A massive wormhole believed to exist in the centre of our galaxy, the Milky Way, could be a doorway to another galaxy, scientists wrote in the academic journal Annals of Physics.
Albert Einstein predicted wormholes (Einstein-Penrose bridges) in his theory of General Relativity. The major problem, scientists say, is keeping them open so humans could travel through.
Astrophysicist and dark matter expert, Paolo Salucci, of the International School for Advanced Studies (SISSA) of Trieste, and colleagues believe that dark matter at the centre of the Milky Way might sustain a wormhole that people could travel through without it collapsing.
A wormhole is a passage through space-time that creates shortcuts for long journeys across the universe. Space and time are bent so that distant points are closer together.
A wormhole bends space-time, allowing distant points to meet.
Associate Professor Salucci said:
“If we combine the map of the dark matter in the Milky Way with the most recent Big Bang model to explain the universe and we hypothesise the existence of space-time tunnels, what we get is that our galaxy could really contain one of these tunnels, and that the tunnel could even be the size of the galaxy itself. But there’s more.”
“We could even travel through this tunnel, since, based on our calculations, it could be navigable. Just like the one we’ve all seen in the recent film ‘Interstellar’.”
Although wormholes, or Einstein-Penrose bridges, have only recently gained popularity among the general public thanks to several movies and TV series, such as Stargate and Christopher Nolans sci-fi film Interstellar, astrophysicists have been interested in them for much longer.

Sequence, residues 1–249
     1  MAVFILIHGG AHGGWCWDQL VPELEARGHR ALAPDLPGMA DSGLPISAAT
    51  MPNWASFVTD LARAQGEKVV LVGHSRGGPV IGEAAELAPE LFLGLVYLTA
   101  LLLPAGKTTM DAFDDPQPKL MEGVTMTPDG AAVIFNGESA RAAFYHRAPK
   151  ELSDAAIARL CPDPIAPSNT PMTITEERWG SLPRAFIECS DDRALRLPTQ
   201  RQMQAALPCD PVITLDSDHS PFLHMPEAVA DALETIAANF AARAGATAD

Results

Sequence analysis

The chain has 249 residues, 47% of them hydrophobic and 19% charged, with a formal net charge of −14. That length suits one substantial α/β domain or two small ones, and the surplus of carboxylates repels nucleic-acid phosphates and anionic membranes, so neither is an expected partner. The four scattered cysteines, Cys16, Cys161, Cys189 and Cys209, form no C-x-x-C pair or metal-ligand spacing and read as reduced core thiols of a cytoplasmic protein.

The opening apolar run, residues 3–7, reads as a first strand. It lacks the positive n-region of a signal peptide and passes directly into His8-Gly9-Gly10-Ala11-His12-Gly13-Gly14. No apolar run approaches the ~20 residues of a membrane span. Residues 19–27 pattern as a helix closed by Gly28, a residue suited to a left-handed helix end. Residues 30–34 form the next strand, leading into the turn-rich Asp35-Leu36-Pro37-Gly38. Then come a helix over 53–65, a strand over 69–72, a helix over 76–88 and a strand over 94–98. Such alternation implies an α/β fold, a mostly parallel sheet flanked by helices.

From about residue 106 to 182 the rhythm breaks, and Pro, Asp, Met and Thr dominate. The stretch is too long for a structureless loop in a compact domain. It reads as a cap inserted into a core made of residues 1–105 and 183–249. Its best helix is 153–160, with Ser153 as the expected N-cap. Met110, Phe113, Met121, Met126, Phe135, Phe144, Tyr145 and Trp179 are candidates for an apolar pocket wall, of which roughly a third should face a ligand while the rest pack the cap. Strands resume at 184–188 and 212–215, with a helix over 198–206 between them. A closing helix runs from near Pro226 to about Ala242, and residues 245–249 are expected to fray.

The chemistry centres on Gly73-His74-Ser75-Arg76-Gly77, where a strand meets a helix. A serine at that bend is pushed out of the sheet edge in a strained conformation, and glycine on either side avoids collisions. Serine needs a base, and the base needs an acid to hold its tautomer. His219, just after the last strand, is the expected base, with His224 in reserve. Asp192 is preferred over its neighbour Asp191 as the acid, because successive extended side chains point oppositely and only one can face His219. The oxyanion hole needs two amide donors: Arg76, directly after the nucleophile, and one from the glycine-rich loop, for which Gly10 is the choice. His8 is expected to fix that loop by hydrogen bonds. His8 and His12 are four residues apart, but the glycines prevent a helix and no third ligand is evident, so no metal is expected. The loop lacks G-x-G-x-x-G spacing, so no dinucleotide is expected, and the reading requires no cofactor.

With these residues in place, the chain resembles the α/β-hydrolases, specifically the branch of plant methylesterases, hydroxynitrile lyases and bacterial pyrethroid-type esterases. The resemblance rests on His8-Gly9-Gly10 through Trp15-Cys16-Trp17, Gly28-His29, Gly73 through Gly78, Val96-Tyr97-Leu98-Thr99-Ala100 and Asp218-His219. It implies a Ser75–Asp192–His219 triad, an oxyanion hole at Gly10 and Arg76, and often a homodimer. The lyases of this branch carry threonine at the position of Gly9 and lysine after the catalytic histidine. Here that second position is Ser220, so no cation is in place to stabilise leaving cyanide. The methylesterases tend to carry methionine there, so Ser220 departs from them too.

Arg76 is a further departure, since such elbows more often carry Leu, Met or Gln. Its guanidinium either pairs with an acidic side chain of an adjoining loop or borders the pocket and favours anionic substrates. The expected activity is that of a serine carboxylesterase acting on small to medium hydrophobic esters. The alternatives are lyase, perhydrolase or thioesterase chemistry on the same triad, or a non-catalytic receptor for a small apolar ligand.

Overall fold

Paolo Salucci believes even humans could travel though this wormhole. (Image: Wikimedia Commons)
“What we tried to do in our study was to solve the very equation that the astrophysicist ‘Murph’ was working on. Clearly we did it long before the film came out. It is, in fact, an extremely interesting problem for dark matter studies.”
Salucci stressed that he and his team are not claiming that the Milky Way is definitely a wormhole, but simply that, according to theoretical models, this hypothesis is a possibility.
Asked whether it can ever be tested experimentally, Salucci said “In principle, we could test it by comparing two galaxies – our galaxy and another, very close one like, for example, the Magellanic Cloud, but we are still very far from any actual possibility of making such a comparison.”
To come to their conclusions, the scientists combined the equations of general relativity with an exceptionally detailed map of the distribution of dark matter in the Milky Way.
“The map was one we obtained in a study we carried out in 2013. Beyond the sci-fi hypothesis, our research is interesting because it proposes a more complex reflection on dark matter.”
As Salucci points out, astrophysicists have tried to explain dark matter by hypothesizing the existence of the neutralino (a particular particle). However, it has never been observed in the universe or identified at CERN (a European research organization that operates the largest particle physics laboratory in the world).
There are alternative theories that do not rely on the particle. “Perhaps it’s time for scientists to take this issue ‘seriously’. Dark matter may be ‘another dimension’, perhaps even a major galactic transport system. In any case, we really need to start asking ourselves what it is,” Salucci concluded.
Citation: “Possible existence of wormholes in the central regions of halos,” Farook Rahaman, P. Saluccib, P.K.F. Kuhfittig, Saibal Ray, & Mosiur Rahaman. Annals of Physics, Volume 350, November 2014. doi:10.1016/j.aop.2014.08.003.
Video – Glactic wormhole
This SISSA video shows the (hypothetical) wormhole proposed by Salucci, Kuhfittig et al connecting the center with a very far position of our Galaxy when one passes through its throat.